I don't think polygamy or polyamory is inherently abusive or demeaning; I just have a problem with how it works in fundamentalist Mormonism. The religion says that only men can have more than one wife. If women were allowed to have multiple husbands, then at least it would be equal opportunity. As it is now, men and women are treated differently. My main issue is that people are told that they will gain rewards in the (IMO non-existent) afterlife for following it. Even if it doesn't make them happy, they're supposed to do it because they believe their deity will reward them. In my eyes, that makes it pretty much like every other religion. Many religions teach that you have to accept/believe/do something to get into an afterlife, and most of them don't treat men and women equally either. I'm not going to be extra harsh on the Browns just because they belong to a fringe sect when there are plenty of mainstream churches doing the exact same thing.

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Austin

I'm not sure about "most." When you're talking about serious religious people, it seems to be very common. It's certainly not something unique to polygamist Mormons. Unfortunately, a lot of people get extremely upset over their children leaving their faith. In many families, there's plenty of pressure to follow the same religion, and parents are heavily invested in their children's religious choices. I don't think the Browns are that extreme, given that at least one of them has said on camera that they are okay with the children choosing a different religion or not having a religion at all.

I don't approve of them making that statement to the camera. If someone really feels like a failure because their child has different beliefs, it's probably wise to keep that under wraps. If my adult children choose a belief system I did not agree with, I would certainly explain why I disagreed with it, but their life is their own. I wouldn't be telling them, "I'm a failure because you converted to religion XYZ."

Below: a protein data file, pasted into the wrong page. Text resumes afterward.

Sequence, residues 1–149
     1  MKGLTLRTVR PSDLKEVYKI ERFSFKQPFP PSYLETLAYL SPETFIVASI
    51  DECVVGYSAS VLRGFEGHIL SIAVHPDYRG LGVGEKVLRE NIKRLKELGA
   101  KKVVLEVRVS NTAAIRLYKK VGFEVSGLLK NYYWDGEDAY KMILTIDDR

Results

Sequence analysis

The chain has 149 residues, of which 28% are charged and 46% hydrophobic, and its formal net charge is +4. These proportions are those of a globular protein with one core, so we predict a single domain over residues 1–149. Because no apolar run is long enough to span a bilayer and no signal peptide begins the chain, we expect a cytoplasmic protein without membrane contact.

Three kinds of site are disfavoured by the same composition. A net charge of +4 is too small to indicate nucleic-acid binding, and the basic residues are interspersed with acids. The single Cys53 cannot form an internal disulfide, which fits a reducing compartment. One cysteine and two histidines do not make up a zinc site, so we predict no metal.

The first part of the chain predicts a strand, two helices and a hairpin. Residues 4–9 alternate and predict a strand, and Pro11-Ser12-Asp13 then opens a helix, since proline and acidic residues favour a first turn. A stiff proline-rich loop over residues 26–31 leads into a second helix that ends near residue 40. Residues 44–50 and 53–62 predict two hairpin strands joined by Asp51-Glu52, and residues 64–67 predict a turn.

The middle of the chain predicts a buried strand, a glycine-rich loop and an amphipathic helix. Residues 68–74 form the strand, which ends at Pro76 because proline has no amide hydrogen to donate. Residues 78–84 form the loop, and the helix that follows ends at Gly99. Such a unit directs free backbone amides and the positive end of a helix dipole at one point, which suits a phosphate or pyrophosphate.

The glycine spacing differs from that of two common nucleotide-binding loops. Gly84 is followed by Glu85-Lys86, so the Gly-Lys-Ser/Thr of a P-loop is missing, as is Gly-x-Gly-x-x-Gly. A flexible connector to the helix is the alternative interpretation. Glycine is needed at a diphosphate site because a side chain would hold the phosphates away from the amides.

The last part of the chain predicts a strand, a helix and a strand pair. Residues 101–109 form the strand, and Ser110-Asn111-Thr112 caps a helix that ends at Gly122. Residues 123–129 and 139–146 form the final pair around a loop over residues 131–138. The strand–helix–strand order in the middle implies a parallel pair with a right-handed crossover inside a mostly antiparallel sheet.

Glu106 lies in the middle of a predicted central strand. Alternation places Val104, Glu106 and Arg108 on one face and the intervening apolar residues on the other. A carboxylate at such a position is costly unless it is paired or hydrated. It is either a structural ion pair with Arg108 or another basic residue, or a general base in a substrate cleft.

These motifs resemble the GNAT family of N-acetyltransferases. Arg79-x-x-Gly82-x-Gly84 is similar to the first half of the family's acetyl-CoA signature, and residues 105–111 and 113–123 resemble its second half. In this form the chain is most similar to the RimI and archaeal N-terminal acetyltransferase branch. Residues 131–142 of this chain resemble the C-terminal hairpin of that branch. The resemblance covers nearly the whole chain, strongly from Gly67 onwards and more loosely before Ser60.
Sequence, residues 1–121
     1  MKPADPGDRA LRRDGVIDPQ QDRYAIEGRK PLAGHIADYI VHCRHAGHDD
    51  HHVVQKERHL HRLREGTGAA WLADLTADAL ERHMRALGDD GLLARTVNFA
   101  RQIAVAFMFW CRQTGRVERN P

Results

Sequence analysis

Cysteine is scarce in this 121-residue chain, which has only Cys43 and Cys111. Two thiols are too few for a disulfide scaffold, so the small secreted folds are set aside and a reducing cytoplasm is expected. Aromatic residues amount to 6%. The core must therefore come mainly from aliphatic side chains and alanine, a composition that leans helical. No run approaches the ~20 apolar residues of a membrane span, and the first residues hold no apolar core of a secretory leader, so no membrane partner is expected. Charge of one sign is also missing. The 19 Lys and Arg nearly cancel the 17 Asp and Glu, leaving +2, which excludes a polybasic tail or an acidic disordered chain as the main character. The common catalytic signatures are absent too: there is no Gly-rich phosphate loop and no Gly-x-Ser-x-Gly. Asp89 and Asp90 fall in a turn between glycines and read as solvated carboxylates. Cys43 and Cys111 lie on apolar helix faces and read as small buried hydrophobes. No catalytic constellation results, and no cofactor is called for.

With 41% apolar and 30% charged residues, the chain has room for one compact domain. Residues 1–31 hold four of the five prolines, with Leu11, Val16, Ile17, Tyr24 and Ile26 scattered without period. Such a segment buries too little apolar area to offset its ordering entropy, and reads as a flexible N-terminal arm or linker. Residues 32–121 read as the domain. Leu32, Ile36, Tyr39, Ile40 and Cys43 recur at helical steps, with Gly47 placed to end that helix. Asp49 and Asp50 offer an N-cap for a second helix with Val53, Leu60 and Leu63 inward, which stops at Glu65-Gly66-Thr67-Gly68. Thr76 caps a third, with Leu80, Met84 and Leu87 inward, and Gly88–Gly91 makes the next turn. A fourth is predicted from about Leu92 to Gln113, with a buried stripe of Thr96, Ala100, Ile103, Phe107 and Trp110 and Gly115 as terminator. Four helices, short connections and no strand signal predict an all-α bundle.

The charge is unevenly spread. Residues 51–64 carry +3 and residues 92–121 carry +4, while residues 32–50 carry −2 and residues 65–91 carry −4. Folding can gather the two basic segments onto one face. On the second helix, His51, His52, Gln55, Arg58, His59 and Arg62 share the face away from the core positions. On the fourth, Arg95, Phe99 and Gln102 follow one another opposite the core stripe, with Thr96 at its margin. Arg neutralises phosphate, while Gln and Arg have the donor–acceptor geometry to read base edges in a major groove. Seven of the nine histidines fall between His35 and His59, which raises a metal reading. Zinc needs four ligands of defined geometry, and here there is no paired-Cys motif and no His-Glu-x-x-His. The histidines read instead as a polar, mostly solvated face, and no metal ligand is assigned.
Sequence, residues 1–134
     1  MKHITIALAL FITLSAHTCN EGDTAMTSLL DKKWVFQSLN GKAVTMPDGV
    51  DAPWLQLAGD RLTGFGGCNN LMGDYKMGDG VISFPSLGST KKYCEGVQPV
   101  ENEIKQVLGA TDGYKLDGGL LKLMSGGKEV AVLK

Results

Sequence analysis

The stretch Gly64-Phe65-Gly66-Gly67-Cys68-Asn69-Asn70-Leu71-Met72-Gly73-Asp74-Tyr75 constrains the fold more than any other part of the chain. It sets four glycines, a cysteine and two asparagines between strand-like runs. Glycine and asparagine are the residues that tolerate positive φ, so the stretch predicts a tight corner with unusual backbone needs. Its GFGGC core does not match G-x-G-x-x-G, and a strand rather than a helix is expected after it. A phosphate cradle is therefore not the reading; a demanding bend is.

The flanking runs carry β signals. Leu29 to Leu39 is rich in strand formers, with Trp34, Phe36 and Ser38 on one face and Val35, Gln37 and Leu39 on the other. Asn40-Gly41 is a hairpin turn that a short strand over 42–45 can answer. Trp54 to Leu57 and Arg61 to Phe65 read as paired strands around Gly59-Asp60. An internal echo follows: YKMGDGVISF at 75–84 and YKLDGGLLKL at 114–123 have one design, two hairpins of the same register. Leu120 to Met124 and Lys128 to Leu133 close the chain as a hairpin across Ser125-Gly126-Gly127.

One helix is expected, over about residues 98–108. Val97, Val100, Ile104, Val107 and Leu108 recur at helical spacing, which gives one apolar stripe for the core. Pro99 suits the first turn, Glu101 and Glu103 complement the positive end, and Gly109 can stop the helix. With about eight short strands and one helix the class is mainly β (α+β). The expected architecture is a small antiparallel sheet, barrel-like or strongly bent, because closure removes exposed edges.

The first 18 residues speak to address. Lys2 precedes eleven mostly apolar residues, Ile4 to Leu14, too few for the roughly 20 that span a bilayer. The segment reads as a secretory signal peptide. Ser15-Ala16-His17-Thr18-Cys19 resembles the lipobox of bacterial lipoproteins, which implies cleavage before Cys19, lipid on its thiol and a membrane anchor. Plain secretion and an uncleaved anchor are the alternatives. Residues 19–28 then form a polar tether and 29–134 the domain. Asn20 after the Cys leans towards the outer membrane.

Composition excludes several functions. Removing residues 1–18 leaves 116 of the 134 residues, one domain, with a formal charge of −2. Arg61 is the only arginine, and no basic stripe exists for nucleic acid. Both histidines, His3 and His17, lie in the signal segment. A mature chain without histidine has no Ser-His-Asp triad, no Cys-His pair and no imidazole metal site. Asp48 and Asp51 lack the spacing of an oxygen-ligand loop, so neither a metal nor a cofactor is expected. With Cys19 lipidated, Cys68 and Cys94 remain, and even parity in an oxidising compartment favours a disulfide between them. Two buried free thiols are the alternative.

I don't think polygamy or polyamory is inherently abusive or demeaning; I just have a problem with how it works in fundamentalist Mormonism. The religion says that only men can have more than one wife. If women were allowed to have multiple husbands, then at least it would be equal opportunity. As it is now, men and women are treated differently. My main issue is that people are told that they will gain rewards in the (IMO non-existent) afterlife for following it. Even if it doesn't make them happy, they're supposed to do it because they believe their deity will reward them. In my eyes, that makes it pretty much like every other religion. Many religions teach that you have to accept/believe/do something to get into an afterlife, and most of them don't treat men and women equally either. I'm not going to be extra harsh on the Browns just because they belong to a fringe sect when there are plenty of mainstream churches doing the exact same thing.

I meant just what I wrote: most people hold some beliefs of some type. One doesn't have to be extremely religious (or particularly religious) to hold beliefs or be concerned about what faith (or lack thereof) one's children choose. Most parents are invested in some sort of moral/value or belief system, even if it is not spiritual in nature. Mothers very invested in feminist ideals are disappointed if their daughters (or their sons, for that matter) do not embrace feminism as adults, for instance.

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QAF_Rocks
I meant just what I wrote: most people hold some beliefs of some type. One doesn't have to be extremely religious (or particularly religious) to hold beliefs or be concerned about what faith (or lack thereof) one's children choose. Most parents are invested in some sort of moral/value or belief system, even if it is not spiritual in nature. Mothers very invested in feminist ideals are disappointed if their daughters (or their sons, for that matter) do not embrace feminism as adults, for instance.

I don't think we disagree? As far as I'm concerned, it's pretty normal to feel that way. I'm not going to criticize the Browns for experiencing the same emotions I might very well experience in a reverse situation. I'm mainly concerned that parents deal with their disappointment over religion/politics in a healthy way. To me, that means no ostracism, pressure, guilt, shaming, emotional blackmail, etc.